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    1. Sabine-- I just googled rapeseed and found that it is related to the mustard as well. What a wild long history that plant has. So glad you like the owl!

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  8. Very interesting info. On the western prairies mustard was one of the worst weeds as it spread and choked out grain crops.

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    1. Red-- When I see how it grows here with wild abundance, I can imagine how it difficult it would be for people trying to grow food.

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  9. Daffodils, aconites and celandine are our yellow flowers of early spring. I knew about the mustard connection from my days on the farm - "brassicas" is what the farmers call them all.

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    1. John-- Oh yes, the daffodils have been blooming here too. Such a welcome sight. It was such a surprise to us about the brassicas and how large that family of vegetables is and how it all started.

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  10. I remember being on a train from Nice to Paris once and being amazed at the fields of yellow mustard. Then I caught sight of a sign and realized we were in Dijon!

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    1. Catalyst-- I love this story... a train from Nice to Paris and the sight of fields of yellow mustard in Dijon. Perfect!

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  11. You have made me so envious with all that nice yellow color, Robin, as it will be quite a long time until any of it is showing in NH.

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    1. Beatrice-- Yellow flowers are blooming everywhere here. I look forward to when it blooms there for you.

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  12. What a lovely idea for a post! Yellow glory.

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    1. 37paddington-- Oh yes, yellow glory! Thank you for that.

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  13. My favorite yellow in your photos is the mustard. Here in early spring, one of the yellows we see is forsythia. There are lots of daffodils, too (-:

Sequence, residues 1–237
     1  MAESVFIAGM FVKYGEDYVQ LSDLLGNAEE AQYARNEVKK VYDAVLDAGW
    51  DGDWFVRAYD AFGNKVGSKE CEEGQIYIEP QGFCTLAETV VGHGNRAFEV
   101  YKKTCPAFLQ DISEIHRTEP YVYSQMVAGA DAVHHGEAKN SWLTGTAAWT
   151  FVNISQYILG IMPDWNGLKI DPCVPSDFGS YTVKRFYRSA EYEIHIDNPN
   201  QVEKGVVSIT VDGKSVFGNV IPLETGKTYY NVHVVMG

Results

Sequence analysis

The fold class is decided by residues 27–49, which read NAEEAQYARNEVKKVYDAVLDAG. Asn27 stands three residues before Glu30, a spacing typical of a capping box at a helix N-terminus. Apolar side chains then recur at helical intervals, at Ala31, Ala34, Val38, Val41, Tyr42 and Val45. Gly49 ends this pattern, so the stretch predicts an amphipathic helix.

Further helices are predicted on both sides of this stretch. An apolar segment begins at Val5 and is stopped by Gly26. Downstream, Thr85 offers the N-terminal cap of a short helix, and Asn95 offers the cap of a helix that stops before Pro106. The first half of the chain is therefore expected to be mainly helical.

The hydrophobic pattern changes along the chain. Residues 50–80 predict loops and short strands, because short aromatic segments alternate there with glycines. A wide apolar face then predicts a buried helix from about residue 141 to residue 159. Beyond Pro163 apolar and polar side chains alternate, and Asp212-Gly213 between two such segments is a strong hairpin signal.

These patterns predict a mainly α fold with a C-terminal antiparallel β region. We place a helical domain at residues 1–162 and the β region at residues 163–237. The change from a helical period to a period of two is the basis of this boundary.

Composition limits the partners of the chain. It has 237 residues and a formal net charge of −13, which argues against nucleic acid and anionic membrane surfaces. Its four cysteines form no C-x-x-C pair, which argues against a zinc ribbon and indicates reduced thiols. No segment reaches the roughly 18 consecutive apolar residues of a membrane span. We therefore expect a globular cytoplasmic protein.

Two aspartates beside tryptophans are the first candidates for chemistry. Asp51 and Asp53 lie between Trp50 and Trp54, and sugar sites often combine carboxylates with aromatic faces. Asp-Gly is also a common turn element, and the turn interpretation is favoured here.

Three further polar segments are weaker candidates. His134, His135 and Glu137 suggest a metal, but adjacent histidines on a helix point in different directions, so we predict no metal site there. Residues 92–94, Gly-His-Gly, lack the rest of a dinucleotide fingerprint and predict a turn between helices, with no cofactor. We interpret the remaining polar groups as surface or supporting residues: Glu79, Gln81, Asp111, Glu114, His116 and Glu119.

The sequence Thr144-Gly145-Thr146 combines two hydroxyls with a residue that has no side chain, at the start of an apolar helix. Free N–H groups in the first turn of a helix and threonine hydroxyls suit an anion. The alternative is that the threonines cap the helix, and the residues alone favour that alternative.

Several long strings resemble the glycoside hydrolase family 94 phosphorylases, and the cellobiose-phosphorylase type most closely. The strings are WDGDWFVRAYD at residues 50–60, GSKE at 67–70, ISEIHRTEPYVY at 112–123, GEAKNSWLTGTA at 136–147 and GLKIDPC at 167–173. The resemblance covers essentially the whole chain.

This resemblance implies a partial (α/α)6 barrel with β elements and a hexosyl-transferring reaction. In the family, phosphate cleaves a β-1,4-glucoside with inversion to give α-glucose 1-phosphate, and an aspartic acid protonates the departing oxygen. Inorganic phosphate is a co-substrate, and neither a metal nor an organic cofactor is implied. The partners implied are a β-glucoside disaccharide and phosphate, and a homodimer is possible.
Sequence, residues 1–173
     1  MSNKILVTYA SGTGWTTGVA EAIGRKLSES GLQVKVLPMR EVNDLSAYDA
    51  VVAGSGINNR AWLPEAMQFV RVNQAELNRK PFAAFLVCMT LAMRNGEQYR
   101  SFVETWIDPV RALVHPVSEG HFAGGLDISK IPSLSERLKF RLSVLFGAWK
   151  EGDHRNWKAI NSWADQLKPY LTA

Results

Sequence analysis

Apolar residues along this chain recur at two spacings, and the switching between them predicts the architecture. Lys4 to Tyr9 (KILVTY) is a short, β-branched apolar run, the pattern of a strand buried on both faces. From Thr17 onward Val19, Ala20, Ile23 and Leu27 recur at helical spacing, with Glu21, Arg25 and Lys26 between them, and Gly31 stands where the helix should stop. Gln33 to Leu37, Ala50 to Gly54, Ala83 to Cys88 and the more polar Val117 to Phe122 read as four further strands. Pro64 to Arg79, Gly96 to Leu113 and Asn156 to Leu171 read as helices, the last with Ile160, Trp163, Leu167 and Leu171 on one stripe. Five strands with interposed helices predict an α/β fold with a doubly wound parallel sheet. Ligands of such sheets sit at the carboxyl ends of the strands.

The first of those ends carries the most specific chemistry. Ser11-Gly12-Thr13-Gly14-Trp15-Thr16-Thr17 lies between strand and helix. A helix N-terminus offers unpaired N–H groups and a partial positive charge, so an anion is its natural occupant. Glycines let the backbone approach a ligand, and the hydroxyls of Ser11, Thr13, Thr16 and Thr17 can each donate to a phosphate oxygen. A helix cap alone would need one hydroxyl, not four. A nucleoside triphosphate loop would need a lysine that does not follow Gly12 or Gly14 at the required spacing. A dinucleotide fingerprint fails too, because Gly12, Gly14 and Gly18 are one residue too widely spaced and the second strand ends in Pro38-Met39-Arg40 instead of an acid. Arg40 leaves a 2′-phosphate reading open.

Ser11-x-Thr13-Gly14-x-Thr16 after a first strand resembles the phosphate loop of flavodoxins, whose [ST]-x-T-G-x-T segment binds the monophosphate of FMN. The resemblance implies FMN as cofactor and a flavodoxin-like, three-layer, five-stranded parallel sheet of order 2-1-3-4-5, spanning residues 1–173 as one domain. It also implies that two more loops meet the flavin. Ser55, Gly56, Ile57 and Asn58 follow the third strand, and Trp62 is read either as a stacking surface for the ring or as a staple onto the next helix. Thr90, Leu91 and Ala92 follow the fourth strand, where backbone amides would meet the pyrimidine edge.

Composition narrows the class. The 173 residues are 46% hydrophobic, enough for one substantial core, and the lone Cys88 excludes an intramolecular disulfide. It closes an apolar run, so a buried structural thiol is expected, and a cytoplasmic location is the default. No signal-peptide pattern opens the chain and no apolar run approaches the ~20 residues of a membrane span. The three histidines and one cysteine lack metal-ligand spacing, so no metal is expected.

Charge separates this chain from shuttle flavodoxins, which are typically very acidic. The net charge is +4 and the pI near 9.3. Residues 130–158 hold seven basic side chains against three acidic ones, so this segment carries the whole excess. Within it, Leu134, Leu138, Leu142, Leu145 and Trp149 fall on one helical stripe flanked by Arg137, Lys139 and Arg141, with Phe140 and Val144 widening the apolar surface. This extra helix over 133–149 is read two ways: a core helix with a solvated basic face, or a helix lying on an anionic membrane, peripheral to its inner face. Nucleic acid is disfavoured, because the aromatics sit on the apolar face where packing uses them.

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    1. am-- So glad you like that mustard photo. It's really so beautiful out there with all the blooming yellow. Love forsythia and daffodils too.

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  14. So interesting about wild mustard. Yellow is a great color to signal spring.

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    1. Colette-- I was definitely surprised by the wild mustard history. Yes to the vibrant yellow of spring!

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  15. Yellow is such a hopeful colour. Enjoy spring in your part of the world.

    Thankfully we are going into autumn - it's been a long hot summer......

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    1. Dr Michelle-- I've been so distracted by what's going on in my country lately that I forgot that where you are is now in autumn. It's such a beautiful time in both of our hemispheres. Thank you for reminding me.

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  16. Yellow does seem to be the color of spring. right now we have daffodils, and forsythia, which doesn't look like much any other time of the year. I was surprised today to see some of our wild cherries with their pale pink, almost white blossoms. I don't remember seeing them last year.

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    1. Mark-- We do have some flowers here blooming pink and red, but the yellows dominate for now. Spring is so beautiful in every color.

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  17. Ah, hummingbirds! We're expecting them any minute. Some people near us have seen them in the last day or two, so we can expect them any time now. Beautiful shots; I love the yellows!

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    1. JS-- I wonder what kind of hummingbirds you have there. We have Anna's all year long. The Rufous only stop by in March on their way north. They are a bright red reminder of Spring. Glad you liked the yellows!

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  18. Nice little surprise that seeing that hummingbird. Check out my Wednesday post to see the little surprise I had the other day

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    1. Billy-- We only ever see them on their journey north. It is always a lovely surprise.